Description: The fate of allochthonous dissolved organic carbon (DOC) in aquatic systems is primarily controlled by the turnover of heterotrophic bacteria. However, the roles that abiotic and biotic factors such as light and DOC release by aquatic primary producers play in the microbial decomposition of allochthonous DOC is not well understood. We therefore tested if light and autochthonous DOC additions would increase allochthonous DOC decomposition rates and change bacterial growth efficiencies and community composition (BCC). We established continuous growth cultures with different inocula of natural bacterial communities and alder leaf leachates (DOC leaf ) with and without light exposure before amendment. Furthermore, we incubated DOC leaf together with autochthonous DOC from lysed phytoplankton cultures (DOC phyto ). Our results revealed that pretreatments of DOC leaf with light resulted in a doubling of bacterial growth efficiency (BGE), whereas additions of DOC phyto or combined additions of DOC phyto and light had no effect on BGE. The change in BGE was not accompanied by shifts in the phylogenetic structure of the BCC, but BCC was influenced by the DOC source. Our results highlight that a doubling of BGE is not necessarily accompanied by a shift in BCC and that BCC is more strongly affected by resource properties.
    Keywords: Bacterial growth efficiency ; Continuous cultures ; Carbon decomposition ; Leaf litter ; Photolysis
    ISSN: 0095-3628
    E-ISSN: 1432-184X
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  • 7
    Language: English
    In: Environmental Earth Sciences, 2017, Vol.76(1), pp.1-25
    Description: This article provides an overview about the Bode River catchment that was selected as the hydrological observatory and main region for hydro-ecological research within the TERrestrial ENvironmental Observatories Harz/Central German Lowland Observatory. It first provides information about the general characteristics of the catchment including climate, geology, soils, land use, water quality and aquatic ecology, followed by the description of the interdisciplinary research framework and the monitoring concept with the main components of the multi-scale and multi-temporal monitoring infrastructure. It also shows examples of interdisciplinary research projects aiming to advance the understanding of complex hydrological processes under natural and anthropogenic forcings and their interactions in a catchment context. The overview is complemented with research work conducted at a number of intensive research sites, each focusing on a particular functional zone or specific components and processes of the hydro-ecological system.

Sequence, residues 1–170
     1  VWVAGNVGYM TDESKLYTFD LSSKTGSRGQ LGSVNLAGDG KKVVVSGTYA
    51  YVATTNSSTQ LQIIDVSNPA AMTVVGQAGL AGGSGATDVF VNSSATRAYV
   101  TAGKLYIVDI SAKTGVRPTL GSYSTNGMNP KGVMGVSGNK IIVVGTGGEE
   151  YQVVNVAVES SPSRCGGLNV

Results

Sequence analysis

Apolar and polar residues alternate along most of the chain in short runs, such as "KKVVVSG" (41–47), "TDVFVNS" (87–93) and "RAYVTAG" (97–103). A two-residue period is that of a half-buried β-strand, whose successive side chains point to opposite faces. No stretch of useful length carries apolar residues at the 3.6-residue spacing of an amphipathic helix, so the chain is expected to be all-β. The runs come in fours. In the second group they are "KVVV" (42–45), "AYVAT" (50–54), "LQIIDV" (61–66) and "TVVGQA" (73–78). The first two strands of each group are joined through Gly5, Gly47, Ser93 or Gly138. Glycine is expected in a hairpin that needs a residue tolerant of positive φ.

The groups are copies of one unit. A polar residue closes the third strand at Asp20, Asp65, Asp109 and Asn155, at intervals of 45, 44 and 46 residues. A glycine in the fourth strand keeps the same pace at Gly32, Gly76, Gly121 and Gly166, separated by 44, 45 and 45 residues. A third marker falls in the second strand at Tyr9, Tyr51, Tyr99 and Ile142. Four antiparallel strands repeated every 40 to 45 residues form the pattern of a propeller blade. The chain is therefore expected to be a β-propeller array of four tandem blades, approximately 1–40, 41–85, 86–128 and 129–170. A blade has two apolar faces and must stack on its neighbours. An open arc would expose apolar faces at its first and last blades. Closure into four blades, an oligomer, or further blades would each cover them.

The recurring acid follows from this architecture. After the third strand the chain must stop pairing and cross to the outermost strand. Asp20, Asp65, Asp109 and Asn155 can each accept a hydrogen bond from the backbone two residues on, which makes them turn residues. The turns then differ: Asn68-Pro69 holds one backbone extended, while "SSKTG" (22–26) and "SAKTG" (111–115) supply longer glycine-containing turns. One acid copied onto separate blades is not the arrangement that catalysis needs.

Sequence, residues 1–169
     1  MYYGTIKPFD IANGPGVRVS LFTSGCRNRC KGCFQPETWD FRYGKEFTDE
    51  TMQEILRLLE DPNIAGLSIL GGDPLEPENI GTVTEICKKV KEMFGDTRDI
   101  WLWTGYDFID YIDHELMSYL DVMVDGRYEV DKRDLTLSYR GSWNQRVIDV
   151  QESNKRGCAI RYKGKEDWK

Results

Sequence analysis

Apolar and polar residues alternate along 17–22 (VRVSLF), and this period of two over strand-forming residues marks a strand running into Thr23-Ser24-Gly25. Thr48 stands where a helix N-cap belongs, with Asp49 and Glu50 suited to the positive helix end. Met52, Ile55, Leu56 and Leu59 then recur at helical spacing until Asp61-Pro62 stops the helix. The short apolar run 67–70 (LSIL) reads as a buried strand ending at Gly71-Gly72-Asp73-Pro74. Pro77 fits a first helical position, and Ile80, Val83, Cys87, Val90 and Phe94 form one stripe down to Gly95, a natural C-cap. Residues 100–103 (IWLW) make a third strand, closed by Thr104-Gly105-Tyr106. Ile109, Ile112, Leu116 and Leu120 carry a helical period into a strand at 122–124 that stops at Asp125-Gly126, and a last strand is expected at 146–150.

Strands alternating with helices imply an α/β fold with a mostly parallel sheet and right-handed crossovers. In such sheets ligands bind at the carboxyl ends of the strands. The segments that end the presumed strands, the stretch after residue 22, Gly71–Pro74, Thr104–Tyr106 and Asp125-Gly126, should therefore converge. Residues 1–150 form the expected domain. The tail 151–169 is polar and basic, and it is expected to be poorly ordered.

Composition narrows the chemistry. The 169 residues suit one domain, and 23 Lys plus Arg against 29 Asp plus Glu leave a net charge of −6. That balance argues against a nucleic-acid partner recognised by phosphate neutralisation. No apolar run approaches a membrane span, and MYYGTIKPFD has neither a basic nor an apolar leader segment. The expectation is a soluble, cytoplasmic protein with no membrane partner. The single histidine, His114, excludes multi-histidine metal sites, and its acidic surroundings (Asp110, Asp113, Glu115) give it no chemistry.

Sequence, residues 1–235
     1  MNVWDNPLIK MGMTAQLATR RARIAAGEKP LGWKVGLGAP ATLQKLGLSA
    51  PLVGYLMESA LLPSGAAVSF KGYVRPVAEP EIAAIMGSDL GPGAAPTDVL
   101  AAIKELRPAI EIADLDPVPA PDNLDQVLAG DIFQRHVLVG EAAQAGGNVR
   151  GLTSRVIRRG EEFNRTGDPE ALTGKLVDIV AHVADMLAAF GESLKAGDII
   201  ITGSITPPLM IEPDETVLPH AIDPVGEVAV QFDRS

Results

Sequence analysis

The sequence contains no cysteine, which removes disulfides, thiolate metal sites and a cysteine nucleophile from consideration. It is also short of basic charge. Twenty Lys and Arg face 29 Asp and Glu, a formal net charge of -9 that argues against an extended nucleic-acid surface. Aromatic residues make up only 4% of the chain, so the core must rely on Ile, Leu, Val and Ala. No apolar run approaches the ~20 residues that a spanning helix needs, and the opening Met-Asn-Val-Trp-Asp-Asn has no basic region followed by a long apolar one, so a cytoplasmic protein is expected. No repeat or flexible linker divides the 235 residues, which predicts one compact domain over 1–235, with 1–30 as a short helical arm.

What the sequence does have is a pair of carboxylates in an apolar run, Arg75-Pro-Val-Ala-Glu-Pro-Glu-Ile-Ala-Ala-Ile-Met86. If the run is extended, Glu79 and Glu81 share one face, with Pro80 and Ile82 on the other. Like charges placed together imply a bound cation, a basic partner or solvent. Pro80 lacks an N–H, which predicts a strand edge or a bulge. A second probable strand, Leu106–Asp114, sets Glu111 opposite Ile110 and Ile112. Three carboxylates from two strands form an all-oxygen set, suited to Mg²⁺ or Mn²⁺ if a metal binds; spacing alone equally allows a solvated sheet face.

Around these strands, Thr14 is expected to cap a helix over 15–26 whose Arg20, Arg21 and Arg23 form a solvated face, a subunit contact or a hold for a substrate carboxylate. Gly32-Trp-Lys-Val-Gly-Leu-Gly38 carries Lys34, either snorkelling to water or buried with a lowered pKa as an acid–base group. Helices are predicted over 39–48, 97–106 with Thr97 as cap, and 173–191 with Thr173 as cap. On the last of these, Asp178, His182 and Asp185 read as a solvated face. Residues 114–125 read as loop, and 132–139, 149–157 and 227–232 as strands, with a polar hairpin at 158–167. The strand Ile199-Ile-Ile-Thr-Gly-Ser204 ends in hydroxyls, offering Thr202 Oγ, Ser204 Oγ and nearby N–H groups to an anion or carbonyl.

Keywords: Monitoring ; Catchment ; Water quality ; Observatory ; Water fluxes
    ISSN: 1866-6280
    E-ISSN: 1866-6299
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  • 8
    Language: English
    In: Aquatic Sciences, 2009, Vol.71(1), pp.46-54
    Description: Terrestrial-derived dissolved organic carbon (DOC) contributes significantly to the energetic basis of many aquatic food webs. Although heterotrophic bacteria are generally considered to be the sole consumers of DOC, algae and cyanobacteria of various taxonomic groups are also capable of exploiting this resource. We tested the hypothesis that algae can utilise DOC in the presence of bacteria if organic resources are supplied in intervals by photolysis of recalcitrant DOC. In short-term uptake experiments, we changed irradiation in the range of minutes. As model substrates, polymers of radiolabelled coumaric acid (PCA) were used, which during photolysis are known to release aromatic compounds comparable to terrestrial-derived and refractory DOC. Three cultured freshwater algae readily assimilated PCA photoproducts equivalent to a biomass-specific uptake of 5–60% of the bacterial competitors present. Algal substrate acquisition did not depend on whether PCA was photolysed continuously or in intervals. However, the data show that photoproducts of terrestrial DOC can be a significant resource for osmotrophic algae. In long-term growth experiments, interval light was applied one hour per day. We allowed cultured Chlamydomonas to compete for ambient DOC of low concentration. We found higher abundances of Chlamydomonas when cultures were irradiated intermittently rather than continuously. These data suggest that photolysis of DOC supports algal heterotrophy, and potentially facilitates growth, when light fluctuations are large, as during the diurnal light cycle. We concluded that osmotrophic algae can efficiently convert terrestrial carbon into the biomass of larger organisms of aquatic food webs.
    Keywords: DOC ; allochthonous ; osmotroph ; photolysis ; plankton ; food web
    ISSN: 1015-1621
    E-ISSN: 1420-9055